Detroit Baptist Theological Seminary

23 Dec 2013

"Peace, Peace" When There Is No Peace


One of the more troubling mis-translations in the history of English Bible translation (at least in terms of its popular acceptance and impact) is the King James rendering of Luke 2:14 as “Glory to God in the highest, and on earth peace, good will toward men.” Despite the fact that nearly every modern translation has corrected this unfortunate translation, properly narrowing the scope of Christ’s ministry of peace “to people on whom his favor rests,” the universally conciliatory rendering found in the KJV is etched on the minds of millions in the English-speaking world. Christmas, it is supposed, is about fostering tranquility and harmony everywhere.

This idea is not, of course, unique to the English-speaking world. It is apparent that the utopian vision of universal peace was already circulating during Christ’s earthly ministry—so much so that Jesus felt compelled on multiple occasions to denounce the idea:

  • Matthew 10:34–37: “Do not suppose that I have come to bring peace to the earth,” he said. “I did not come to bring peace, but a sword. I have come to turn a man against his father, a daughter against her mother, and a daughter-in-law against her mother-in-law—a man’s enemies will be the members of his own household. Anyone who loves his father or mother more than me is not worthy of me; anyone who loves his son or daughter more than me is not worthy of me.”
  • Luke 12:49–53: “I have come to bring fire on the earth, and how I wish it were already kindled!… Do you think I came to bring peace on earth? No, I tell you, but division. From now on there will be five in one family divided against each other, three against two and two against three. They will be divided, father against son and son against father, mother against daughter and daughter against mother, mother-in-law against daughter-in-law and daughter-in-law against mother-in-law.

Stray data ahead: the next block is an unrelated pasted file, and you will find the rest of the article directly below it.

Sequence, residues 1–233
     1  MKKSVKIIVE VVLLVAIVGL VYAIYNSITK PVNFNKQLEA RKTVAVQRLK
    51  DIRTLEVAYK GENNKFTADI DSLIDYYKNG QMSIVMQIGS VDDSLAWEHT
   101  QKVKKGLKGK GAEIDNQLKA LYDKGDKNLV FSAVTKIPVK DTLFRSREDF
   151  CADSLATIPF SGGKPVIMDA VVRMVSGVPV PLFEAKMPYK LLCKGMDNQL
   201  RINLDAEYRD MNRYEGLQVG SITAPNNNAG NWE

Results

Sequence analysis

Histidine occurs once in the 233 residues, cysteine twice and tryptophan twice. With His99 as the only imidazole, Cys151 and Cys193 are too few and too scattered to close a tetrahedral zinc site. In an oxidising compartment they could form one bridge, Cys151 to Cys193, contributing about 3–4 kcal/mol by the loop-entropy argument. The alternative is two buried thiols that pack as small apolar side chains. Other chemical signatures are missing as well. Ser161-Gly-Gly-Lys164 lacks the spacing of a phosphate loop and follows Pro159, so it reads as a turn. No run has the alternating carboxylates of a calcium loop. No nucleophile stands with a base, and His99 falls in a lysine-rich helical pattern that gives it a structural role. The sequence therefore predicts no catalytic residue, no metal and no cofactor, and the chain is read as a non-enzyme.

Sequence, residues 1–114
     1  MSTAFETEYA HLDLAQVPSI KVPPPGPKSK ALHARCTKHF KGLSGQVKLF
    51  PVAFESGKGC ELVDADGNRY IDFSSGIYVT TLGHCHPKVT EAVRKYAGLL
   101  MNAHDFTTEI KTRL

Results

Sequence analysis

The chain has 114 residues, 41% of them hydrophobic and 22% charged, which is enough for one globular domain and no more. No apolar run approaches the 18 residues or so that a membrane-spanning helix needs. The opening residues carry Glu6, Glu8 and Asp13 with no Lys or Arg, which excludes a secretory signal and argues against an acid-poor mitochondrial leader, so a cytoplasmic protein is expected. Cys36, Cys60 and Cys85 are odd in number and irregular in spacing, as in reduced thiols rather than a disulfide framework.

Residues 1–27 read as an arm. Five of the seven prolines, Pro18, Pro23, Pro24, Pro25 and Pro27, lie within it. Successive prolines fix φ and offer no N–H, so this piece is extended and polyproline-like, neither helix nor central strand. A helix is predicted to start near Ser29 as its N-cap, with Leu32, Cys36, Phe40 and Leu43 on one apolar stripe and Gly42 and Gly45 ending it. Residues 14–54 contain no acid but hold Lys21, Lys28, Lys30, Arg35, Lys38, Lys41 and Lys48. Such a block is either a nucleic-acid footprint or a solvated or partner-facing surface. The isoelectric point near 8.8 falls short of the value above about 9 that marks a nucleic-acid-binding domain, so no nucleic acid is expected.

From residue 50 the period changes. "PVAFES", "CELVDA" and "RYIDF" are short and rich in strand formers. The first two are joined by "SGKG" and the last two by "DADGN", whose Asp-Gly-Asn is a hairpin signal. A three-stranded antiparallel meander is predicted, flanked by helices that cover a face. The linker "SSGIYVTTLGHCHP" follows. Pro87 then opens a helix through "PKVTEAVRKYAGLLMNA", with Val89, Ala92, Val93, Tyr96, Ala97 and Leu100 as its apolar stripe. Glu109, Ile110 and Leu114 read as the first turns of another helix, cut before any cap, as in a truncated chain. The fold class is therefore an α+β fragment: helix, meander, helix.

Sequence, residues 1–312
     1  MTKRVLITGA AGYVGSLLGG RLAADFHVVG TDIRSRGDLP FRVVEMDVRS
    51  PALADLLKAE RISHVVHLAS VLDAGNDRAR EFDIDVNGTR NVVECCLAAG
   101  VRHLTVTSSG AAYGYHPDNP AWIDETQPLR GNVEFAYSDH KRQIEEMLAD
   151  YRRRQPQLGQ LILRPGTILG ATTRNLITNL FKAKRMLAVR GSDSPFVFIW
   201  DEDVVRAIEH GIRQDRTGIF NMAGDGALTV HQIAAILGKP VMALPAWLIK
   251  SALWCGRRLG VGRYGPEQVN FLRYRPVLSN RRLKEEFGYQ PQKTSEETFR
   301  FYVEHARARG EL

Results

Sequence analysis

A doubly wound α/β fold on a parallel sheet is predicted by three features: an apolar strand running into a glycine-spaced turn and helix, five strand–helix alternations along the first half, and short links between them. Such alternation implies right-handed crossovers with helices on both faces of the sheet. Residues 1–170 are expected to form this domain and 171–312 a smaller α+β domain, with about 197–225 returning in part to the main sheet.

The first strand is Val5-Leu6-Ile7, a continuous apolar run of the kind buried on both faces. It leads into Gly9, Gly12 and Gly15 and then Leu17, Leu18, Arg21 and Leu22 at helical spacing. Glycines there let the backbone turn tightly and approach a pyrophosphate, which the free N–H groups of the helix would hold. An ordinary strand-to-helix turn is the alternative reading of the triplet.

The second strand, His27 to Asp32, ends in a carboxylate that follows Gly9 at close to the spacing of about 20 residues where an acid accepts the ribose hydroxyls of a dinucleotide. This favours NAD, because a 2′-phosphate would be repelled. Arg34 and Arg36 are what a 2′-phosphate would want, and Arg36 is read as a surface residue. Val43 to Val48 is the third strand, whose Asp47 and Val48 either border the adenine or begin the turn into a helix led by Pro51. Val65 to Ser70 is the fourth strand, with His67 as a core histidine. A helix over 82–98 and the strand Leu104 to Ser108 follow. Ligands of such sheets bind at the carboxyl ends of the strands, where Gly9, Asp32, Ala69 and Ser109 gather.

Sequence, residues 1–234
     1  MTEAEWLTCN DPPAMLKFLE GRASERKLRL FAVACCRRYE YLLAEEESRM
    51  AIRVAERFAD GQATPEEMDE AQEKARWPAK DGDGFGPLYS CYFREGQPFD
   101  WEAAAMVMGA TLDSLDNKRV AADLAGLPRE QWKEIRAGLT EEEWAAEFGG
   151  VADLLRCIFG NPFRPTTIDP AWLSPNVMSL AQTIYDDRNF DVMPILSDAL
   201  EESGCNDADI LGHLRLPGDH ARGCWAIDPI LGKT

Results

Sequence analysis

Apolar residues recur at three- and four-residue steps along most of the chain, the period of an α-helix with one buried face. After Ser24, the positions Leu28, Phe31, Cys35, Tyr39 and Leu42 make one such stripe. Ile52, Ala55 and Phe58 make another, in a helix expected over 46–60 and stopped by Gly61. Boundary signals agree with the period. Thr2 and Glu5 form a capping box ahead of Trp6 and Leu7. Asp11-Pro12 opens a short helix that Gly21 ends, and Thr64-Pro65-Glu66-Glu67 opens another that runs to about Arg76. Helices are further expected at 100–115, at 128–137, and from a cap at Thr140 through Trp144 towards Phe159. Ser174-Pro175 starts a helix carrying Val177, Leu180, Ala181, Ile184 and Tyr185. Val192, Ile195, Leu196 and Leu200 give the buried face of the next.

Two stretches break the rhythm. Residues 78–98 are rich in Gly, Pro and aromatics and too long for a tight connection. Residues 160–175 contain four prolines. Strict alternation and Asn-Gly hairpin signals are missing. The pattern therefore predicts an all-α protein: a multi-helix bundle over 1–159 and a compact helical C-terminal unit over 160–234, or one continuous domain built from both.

What sober reminders as many of us prepare to make annual pilgrimages to visit the very fathers, sons, mothers, daughters, and in-laws of which Christ is speaking!

Yes, one of Christ’s purposes in the incarnation was to prepare a pathway to peace (Luke 1:78), but this pathway is one to which many are blind (Luke 19:41). For these, it appears, a secondary purpose of Christ’s incarnation emerges: “I entered the world,” he said elsewhere, “to render judgment—to give sight to the blind and to show those who think they see that they are blind” (John 9:39, cf. the entire chapter that follows).

So what is the believer to do with this dour bit of information? Quite simply, we are to cultivate the tension, or as Greg Bahnsen puts it, to “press the antithesis.” Christmas is not the time, as many suppose, for suppressing religious differences and pursuing peace at all costs. It is actually a time that is particularly suited to gently but steadfastly affirming the superiority of the Christian worldview with fathers and mothers, sons and daughters, siblings, and all others who oppose it. It is a time for earnestly reminding unbelievers, even as we share gifts, that they are enjoying God’s gifts all the while ignoring the Giver. It is a time for compassionately informing unbelievers, in Isaiah’s words, that “there is no peace for the wicked.”

Of course, we must surely be mindful of the biblical injunctions to do these things “with gentleness and respect, keeping a clear conscience” (1 Pet 3:15–16), making every attempt to “make the the teaching about God our Savior attractive” by exhibiting integrity, sobriety, pure words, humility, industry, good works, love, etc. (so Titus 2:6–10, 1 Pet 3:1; Matt 5:16; John 17:20–23; etc.). It will never do for us to announce the Gospel and neglect these vital accoutrements of the Gospel.

But at the end of the day it is possible that our pursuit of “peace” at Christmas may very well be a passive assault against the very purpose for which Christ came. In our sincere attempts to strengthen the bond of father with son and mother with daughter, we may well be doing precisely the opposite of what Christ intends. May God grant to all of us the wisdom and grace both to identify and to create opportunities for the Gospel during this season of grace.

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